Many people are unfamiliar with all the options that are available for water treatment. This can lead to confusion, and expert advice may be needed to understand which method is best suited to your local water conditions. One of the most popular types of water filtration uses activated carbon as the filtration media. This can be a good option for many people, but it can offer some drawbacks in certain situations. In this article, we will look at what activated carbon is and some of the pros and cons for using it in your water filtration system at home. 

Activated Carbon Filtration: water-3-1321154

These filters work by absorbing contaminants into an activated carbon filter medium. This will remove and any unwanted tastes or odors, along with any volatile man made organic contaminants. The efficiency of the system will depend upon a few different factors, including the type of activated carbon installed, the contact time between the filter and the water, the concentration of contaminants and the filter bed depth. An activated carbon filter is recommended only for water where no bacteria are present. A carbon filter is easy to install, simple to maintain and cheap to run unless the unit is an unusual model that needs specialized waste handling.  

The Pros of Activated Carbon: 

This filter media is very effective at removing and even improving the taste and odor of your drinking water. It can also remove other contaminants, such as iodine and chlorine residuals, radon, detergents, certain man-made chemicals (usually pesticides) and volatile organic chemicals (typically paint thinning products). It’s also possible to remove heavy metals and lead from your water supply, but this will need a specific type of activated carbon filter to be effective. 

The Cons of Activated Carbon:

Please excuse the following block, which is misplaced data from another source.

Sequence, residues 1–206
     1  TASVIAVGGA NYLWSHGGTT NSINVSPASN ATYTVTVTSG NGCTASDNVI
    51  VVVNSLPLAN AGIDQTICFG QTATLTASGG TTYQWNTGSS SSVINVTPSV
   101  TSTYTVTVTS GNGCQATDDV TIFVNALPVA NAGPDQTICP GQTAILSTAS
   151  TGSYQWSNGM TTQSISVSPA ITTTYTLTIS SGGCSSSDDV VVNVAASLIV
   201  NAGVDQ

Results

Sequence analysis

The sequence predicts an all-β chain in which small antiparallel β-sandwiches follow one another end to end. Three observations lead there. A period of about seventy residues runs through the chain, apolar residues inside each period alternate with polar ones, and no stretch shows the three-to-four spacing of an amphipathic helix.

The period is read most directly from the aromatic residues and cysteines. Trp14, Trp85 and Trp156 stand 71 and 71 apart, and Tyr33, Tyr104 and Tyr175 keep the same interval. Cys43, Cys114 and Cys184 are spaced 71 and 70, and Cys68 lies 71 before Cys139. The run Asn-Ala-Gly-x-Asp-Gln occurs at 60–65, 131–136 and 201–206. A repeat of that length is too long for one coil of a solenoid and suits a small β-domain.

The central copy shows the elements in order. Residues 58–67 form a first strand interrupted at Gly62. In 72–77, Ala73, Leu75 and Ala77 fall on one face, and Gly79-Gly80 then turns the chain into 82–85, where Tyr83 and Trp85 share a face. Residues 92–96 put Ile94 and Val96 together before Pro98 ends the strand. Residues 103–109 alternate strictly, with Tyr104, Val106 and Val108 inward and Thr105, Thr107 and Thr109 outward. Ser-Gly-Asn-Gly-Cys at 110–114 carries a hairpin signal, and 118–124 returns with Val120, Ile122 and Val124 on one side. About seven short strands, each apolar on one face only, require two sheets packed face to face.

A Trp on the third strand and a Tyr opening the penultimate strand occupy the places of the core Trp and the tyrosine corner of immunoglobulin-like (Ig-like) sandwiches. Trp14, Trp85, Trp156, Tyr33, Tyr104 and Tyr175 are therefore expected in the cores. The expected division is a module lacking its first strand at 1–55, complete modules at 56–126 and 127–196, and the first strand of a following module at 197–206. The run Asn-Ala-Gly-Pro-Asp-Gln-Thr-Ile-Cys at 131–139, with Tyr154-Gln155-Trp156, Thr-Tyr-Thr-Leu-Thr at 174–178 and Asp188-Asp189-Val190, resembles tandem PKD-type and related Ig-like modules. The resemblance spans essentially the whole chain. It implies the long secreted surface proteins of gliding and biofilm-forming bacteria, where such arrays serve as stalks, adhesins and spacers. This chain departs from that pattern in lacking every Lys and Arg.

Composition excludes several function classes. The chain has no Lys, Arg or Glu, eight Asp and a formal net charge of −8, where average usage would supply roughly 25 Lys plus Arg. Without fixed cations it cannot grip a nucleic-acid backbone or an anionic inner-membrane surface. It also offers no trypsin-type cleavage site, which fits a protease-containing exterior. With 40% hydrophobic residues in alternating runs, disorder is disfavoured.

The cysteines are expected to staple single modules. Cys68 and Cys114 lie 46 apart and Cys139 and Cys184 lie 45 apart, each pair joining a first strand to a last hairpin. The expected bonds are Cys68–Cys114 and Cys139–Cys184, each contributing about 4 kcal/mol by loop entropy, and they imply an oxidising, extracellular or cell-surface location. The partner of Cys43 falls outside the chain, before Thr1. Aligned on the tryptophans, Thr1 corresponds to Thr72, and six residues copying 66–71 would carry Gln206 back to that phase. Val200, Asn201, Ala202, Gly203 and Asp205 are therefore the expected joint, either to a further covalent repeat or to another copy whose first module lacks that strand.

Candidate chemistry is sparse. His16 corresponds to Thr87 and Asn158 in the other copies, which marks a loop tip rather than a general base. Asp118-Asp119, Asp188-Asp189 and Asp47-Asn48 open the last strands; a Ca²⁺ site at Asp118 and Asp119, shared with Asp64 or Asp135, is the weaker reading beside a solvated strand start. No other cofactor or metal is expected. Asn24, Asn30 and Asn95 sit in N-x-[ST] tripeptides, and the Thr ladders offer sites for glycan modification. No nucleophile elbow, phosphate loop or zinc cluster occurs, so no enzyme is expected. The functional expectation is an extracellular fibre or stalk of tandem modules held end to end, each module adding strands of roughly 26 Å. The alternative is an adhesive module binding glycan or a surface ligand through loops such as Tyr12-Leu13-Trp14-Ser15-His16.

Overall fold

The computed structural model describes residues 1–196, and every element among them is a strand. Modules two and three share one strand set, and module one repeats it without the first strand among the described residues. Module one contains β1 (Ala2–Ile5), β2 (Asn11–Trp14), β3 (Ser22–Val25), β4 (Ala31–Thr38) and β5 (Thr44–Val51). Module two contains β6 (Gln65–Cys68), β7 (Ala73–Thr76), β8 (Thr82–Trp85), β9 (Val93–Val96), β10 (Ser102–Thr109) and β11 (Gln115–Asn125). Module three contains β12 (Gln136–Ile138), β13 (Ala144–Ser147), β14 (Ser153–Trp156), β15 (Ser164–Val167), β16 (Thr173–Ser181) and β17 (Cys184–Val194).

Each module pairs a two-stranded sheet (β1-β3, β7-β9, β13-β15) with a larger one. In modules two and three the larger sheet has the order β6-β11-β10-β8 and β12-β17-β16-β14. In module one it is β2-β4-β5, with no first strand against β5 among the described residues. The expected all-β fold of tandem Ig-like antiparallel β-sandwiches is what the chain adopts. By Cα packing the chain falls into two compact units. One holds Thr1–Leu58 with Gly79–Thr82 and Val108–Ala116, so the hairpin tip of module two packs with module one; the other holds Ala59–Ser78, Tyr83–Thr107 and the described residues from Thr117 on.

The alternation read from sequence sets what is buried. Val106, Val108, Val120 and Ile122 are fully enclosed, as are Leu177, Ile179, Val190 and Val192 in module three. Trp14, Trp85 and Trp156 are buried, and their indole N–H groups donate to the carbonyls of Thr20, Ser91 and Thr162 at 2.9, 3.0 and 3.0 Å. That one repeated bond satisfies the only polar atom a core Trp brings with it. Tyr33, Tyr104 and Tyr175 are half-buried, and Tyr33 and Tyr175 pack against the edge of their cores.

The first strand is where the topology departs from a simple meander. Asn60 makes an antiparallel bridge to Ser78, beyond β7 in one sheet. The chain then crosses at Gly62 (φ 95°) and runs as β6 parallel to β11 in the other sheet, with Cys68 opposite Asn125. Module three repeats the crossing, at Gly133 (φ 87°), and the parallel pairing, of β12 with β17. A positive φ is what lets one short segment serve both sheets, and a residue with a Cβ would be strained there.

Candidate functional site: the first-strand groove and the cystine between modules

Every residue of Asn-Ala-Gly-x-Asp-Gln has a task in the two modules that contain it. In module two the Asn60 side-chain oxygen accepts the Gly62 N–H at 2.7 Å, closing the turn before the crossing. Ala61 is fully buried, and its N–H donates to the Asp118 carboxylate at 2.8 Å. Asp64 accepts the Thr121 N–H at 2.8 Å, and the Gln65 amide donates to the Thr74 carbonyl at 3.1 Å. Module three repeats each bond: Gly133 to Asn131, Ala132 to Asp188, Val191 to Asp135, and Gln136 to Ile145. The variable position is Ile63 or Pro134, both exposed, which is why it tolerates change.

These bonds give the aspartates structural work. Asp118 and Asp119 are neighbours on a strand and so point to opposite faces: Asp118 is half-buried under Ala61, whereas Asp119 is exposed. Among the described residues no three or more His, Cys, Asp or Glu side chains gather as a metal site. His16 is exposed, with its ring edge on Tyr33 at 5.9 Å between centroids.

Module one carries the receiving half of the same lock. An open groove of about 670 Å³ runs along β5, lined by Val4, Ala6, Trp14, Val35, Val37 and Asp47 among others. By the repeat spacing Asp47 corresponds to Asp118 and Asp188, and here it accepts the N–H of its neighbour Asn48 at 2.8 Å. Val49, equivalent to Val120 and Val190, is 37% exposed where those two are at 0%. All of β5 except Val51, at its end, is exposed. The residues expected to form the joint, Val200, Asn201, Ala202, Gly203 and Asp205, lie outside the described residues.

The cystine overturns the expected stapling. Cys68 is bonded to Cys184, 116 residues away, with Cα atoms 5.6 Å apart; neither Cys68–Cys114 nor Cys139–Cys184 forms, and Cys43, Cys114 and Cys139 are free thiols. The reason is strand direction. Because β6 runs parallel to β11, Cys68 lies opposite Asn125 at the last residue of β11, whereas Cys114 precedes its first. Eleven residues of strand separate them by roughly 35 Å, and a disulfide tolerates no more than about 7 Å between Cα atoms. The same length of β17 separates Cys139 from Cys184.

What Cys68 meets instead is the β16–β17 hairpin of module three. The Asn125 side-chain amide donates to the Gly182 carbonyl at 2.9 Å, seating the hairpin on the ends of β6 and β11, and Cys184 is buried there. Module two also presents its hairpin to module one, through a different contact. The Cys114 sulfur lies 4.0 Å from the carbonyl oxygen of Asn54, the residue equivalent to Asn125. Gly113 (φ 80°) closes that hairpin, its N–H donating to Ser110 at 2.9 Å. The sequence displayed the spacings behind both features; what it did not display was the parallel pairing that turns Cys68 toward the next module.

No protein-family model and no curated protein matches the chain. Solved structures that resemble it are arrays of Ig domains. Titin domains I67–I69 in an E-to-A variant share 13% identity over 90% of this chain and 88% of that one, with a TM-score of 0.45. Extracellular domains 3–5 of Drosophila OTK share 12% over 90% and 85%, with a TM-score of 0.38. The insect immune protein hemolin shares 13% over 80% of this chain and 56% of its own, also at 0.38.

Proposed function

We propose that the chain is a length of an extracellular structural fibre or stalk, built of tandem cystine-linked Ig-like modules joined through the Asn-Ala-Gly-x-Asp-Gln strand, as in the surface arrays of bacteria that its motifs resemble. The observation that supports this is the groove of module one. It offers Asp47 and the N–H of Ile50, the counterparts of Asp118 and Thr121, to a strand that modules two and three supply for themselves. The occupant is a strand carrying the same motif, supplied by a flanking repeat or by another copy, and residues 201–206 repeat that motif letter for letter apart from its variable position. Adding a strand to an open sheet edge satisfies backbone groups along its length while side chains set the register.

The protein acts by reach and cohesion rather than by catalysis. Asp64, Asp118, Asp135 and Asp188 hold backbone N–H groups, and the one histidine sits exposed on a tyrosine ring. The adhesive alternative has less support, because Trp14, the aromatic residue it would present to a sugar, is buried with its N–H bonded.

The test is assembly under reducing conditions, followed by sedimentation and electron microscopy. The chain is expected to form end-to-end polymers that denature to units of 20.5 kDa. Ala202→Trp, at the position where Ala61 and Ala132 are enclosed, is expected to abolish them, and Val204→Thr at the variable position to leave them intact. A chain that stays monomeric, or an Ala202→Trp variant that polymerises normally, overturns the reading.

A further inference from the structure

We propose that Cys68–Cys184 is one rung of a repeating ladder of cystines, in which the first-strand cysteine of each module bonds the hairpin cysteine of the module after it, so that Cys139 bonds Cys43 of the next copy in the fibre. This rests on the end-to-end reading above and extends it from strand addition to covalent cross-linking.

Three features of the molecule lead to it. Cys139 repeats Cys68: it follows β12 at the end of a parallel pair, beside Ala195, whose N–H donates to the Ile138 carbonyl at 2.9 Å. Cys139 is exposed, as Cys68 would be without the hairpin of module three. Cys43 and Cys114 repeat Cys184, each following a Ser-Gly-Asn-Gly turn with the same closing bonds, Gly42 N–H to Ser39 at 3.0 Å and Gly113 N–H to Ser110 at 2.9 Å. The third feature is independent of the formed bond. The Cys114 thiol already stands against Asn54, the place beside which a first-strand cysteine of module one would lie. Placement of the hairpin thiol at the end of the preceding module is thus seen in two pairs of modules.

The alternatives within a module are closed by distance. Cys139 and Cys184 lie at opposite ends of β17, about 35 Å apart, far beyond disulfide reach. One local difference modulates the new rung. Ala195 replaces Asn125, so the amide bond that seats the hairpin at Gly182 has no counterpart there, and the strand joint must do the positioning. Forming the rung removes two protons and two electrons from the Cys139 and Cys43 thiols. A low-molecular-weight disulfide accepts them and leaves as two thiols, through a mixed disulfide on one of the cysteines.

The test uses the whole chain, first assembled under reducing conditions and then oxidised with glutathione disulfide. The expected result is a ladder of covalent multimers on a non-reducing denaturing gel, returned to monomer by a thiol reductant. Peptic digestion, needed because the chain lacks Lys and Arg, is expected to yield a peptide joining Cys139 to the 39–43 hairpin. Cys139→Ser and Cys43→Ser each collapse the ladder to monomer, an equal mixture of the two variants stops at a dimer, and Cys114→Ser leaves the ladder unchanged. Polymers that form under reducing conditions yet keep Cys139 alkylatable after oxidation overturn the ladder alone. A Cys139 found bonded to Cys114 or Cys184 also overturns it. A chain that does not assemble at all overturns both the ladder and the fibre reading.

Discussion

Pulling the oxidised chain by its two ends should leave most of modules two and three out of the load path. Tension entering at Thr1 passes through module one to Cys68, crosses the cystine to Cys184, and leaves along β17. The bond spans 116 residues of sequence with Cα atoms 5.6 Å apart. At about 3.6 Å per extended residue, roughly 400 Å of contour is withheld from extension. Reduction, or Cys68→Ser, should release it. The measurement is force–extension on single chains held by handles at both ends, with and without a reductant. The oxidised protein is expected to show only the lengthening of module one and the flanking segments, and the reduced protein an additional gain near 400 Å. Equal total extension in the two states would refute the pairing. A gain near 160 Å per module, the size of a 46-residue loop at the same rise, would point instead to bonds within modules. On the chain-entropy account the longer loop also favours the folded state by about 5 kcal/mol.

Activated carbon will not remove certain material types from the water supply, such as nitrates, fluoride, sodium, microbes, and water hardening compounds. As you can see, these are all materials that are less than desirable. Many people use additional systems to remove these and/or a water softener if the water in their area is hard. 

In Conclusion: 

Activated carbon filters, don’t deal with every type of contaminant equally and the material used in the filter is designed to trap contaminants on the surface. Typically, this type of water filter is used with a pre-treatment filter for the removal of iron particles or sediment that would clog the carbon filter. This is necessary because when the filter becomes clogged, it can cause a drop in the water quality and pressure. 

If you’re considering installing an activated carbon filtration system in your home, talk to your local water treatment specialist first. They have essential knowledge about the water in your area and which water treatment methods will work best for you. There are all kinds of filtration systems and water softeners on the market to deal with a wide variety of water quality issues. Always ensure that you choose a water professional who is fully WQA certified to ensure that they give the best advice.

With more than 25 years experience in the residential and commercial water treatment space, Terry is a WQA (Water Quality Association) certified water specialist, LEVEL 3, as well as a WQA certified sales representative.  Terry currently sits on EcoWater Systems (a Berkshire Hathaway Company) national Peers committee, as a water treatment expert advising other water professionals with less experience on best trade and technology practices. EcoWater Systems of Nebraska is one of the biggest water treatment and water delivery businesses in the state.